Monday, 4 March 2013

Creating Different Character Threads to Form a Tapestry

How often have you been engrossed in an exciting part of a book only for the chapter to end, then when you start the next chapter you find the author has moved to a different character altogether?

This shifting of a novel’s emphasis is one of the many tools in an author’s armoury. It allows the author to create a cliff-hanger or two keeping the pages turning. 

Character threads don’t have to be about the hero, victim or villain. Sometimes they can be of a minor character that has an important piece of information or sub-plot to share with readers. 

These different threads can also be used to help with the ebb and flow of a novel and with the aforementioned cliff-hangers, are a great way of building a tension over a large amount of the novel. 

The best example of a book which uses this technique is the second installment of Lord of the Rings (The Two Towers). Tolkien tells the reader three separate stories by interspersing the action between various characters that had been split up at the end of book one.

Authors may also use varying points of view between chapters to add different perspectives to the same thread or multiple threads. Matt Hilton (next week’s guest blogger) writes his main character in a first person POV and all others in a third person. This lets him have different threads while retaining the urgency of first person point of view. 

When you analyse books as I do (I’m always trying to learn) then you can see the mechanics better and I cannot think offhand of many authors who continually write with just one character thread.
Any suggestions would be welcome.
P.S. It's Crime and Publishment this weekend. We still have a place or two available if anyone wants to attend.


  1. I suspect that any author writing exclusively in the first person would only have one character thread......Robert B Parker's Spenser novels. Charles Dickens and er
    In the third person omniscient, you can of course, pop over to the villain's lair to see what he's up to

  2. Sure, Graham. A single character thread is like a burger without the bun (or mustard or catsup or fries). All those accoutrements comprise what we call the universe the character inhabits, his world if you will. Without those threads the protagonist simply moves through Flatland, a one dimensional place. I'm 50/50 on the insertion of completely different styles of pov (suddenly an omniscent voice appears in a chapter opening paragraph rather than the limited pov of the narrative) for the sake of explaining what happened to generate a series of events in a novel. James Lee Burke has been doing this recently in his Dave Robicheaux series which seems to me to be Burke's way of loafing.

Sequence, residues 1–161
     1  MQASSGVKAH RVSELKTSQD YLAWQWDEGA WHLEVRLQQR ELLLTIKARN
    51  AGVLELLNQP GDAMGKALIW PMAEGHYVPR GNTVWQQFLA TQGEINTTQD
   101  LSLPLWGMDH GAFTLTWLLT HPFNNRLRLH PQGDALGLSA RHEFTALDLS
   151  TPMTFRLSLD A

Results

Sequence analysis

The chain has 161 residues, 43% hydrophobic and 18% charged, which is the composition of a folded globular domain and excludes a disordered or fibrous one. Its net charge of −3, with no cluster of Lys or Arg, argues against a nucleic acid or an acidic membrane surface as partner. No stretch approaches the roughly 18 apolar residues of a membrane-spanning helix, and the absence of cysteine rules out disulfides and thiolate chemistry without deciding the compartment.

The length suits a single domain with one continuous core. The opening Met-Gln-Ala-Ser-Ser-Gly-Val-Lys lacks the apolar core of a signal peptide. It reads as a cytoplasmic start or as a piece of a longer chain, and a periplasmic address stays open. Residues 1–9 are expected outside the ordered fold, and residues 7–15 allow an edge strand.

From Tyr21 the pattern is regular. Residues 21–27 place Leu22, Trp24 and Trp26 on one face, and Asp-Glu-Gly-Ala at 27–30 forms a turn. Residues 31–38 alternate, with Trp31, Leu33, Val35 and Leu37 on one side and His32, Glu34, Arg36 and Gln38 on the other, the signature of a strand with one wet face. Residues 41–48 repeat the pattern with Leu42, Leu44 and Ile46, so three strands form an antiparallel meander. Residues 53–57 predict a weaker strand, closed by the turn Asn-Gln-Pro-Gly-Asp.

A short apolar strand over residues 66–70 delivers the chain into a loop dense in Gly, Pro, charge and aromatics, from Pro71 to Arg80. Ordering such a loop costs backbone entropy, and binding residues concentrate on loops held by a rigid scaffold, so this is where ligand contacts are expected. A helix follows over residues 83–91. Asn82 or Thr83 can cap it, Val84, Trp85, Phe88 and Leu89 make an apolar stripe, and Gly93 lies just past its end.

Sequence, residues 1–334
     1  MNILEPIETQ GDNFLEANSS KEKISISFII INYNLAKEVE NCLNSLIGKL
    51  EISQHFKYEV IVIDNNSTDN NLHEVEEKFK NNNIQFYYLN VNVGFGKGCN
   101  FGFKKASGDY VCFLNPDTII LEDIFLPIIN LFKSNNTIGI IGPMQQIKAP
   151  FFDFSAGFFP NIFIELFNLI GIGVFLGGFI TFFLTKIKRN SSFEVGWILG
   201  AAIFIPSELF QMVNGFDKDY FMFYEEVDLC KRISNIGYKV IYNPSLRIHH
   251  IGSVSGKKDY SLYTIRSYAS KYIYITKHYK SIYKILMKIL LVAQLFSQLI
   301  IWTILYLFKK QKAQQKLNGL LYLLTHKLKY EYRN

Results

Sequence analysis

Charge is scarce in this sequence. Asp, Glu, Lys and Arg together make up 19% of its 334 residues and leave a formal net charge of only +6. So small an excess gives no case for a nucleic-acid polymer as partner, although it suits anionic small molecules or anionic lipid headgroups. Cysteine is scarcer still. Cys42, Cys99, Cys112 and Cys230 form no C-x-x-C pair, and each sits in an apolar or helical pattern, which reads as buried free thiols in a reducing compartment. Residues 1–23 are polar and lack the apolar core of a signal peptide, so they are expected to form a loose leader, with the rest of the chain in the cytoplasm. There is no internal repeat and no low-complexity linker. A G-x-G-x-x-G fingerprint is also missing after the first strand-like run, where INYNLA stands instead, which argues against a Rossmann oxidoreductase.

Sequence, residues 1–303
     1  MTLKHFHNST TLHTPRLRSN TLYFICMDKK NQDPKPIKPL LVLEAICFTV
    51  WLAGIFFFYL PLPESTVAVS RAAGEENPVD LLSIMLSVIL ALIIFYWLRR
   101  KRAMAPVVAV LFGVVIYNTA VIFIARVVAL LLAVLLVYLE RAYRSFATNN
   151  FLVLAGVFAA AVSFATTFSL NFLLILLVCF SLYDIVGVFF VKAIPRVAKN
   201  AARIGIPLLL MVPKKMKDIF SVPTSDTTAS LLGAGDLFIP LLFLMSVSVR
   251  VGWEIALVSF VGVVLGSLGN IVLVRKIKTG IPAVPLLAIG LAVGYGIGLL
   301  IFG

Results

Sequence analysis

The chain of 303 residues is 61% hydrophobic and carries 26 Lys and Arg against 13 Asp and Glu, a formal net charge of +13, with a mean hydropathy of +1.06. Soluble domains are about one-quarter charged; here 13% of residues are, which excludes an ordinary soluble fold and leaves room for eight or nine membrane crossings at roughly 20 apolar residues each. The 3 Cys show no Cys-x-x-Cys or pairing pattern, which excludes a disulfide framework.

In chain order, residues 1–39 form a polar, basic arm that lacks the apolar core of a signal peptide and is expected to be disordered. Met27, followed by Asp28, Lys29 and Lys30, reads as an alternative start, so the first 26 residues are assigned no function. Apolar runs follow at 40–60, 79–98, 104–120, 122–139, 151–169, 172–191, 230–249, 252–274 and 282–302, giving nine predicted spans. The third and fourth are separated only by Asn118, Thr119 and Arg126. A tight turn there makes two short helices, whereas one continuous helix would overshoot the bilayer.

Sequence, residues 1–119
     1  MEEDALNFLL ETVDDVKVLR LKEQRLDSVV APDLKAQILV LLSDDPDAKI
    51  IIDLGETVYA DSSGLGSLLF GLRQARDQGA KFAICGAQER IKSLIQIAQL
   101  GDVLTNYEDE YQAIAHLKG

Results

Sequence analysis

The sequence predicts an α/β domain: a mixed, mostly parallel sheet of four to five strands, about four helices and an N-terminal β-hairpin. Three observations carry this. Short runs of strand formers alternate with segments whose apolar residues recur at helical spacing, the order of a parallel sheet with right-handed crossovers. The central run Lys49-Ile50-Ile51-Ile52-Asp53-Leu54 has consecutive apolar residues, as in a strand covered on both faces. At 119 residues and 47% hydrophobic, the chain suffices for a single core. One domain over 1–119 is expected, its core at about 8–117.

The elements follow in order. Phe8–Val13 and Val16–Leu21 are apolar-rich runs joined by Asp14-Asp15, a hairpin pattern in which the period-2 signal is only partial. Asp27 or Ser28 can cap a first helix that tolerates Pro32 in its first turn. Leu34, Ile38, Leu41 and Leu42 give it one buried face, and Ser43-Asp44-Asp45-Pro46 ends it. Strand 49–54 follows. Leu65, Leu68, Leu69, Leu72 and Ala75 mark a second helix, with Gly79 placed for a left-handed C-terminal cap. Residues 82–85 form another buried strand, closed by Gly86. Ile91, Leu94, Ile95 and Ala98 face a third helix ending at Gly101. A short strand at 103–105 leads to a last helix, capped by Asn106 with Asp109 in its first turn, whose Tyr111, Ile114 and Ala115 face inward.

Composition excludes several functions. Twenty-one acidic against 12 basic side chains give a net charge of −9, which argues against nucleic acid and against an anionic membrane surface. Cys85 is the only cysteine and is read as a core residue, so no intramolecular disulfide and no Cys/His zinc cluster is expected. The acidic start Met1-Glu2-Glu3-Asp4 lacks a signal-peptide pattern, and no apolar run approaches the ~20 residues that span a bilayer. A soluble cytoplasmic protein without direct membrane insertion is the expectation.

3. Though a single character thread is far more realistic....that's how we all experience life. I prefer it to the omniscient author who sees inside everyone's head.

  4. Good post, Graham. I like a story to flow from different POV's, but not necessarily from different 'real/human' characters. It could be a chapter about a derelict building, a prison/police cell or a secluded beach, etc, but the chapter will also have a purpose in the story and it also gives the reader a break from the main character.

    I, personally, don't think there is any right or wrong way to do it. If you write a story that flows and grips the reader, does it matter if it's one character's POV all the way through or half a dozen??

    God read, Mr Smith.

  5. No, it doesn't matter, Dave. Like you say, as long as the story is gripping then all's good. AJ sums it up well with his bun 'n' burger comparison. I don't use first person much because I feel too restricted, but it can be useful, especially in short stories. I agree that Matt's nailed it with his switching of POV, and found an effective balance. It's my preferred approach, as you can use always use it to let the reader know about a little nugget of info that the protag' doesn't know - e.g. "No, don't go in there!" Like Andrew, I prefer the omniscient, all seeing POV best, but as long as it works...

    Good post, mate.

  6. Thanks for commenting guys.

    There is no right or wrong for me as long as the story works. Lee Child and Ian Fleming write in first person and close third person respectively and have very few separate character threads if any. However I suspect that it is much more technically difficult to build and maintain tension with a single thread than it is with multiple threads which allow the author to dangle the reader with a change of thread.
    Having said that, the story is the be all and end of what we're about so if it doesn't work then no amount of threads can rescue it.

  7. I found a needed a second POV character as otherwise it was all *way* too dark and gloomy! A lighter subplot was a good contrast and gave the reader a bit of breathing space before the next onslaught.